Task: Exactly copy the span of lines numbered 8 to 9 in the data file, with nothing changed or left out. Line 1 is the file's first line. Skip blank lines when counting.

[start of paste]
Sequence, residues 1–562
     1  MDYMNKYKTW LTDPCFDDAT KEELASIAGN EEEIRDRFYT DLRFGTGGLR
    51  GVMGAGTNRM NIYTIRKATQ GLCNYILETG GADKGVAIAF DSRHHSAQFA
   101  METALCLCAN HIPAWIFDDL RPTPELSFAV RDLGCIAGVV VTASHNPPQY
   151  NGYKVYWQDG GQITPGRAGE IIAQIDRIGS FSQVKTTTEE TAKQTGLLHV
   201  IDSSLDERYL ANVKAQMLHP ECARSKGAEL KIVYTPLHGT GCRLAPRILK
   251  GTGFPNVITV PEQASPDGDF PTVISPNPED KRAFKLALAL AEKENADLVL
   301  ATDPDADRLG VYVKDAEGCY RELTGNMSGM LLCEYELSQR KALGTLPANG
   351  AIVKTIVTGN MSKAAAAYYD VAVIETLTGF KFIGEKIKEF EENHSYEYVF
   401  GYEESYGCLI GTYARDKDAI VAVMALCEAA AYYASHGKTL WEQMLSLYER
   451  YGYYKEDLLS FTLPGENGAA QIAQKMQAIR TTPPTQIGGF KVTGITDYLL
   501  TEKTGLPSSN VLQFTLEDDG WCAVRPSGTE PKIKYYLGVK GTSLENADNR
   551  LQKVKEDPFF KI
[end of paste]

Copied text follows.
   301  ATDPDADRLG VYVKDAEGCY RELTGNMSGM LLCEYELSQR KALGTLPANG
   351  AIVKTIVTGN MSKAAAAYYD VAVIETLTGF KFIGEKIKEF EENHSYEYVF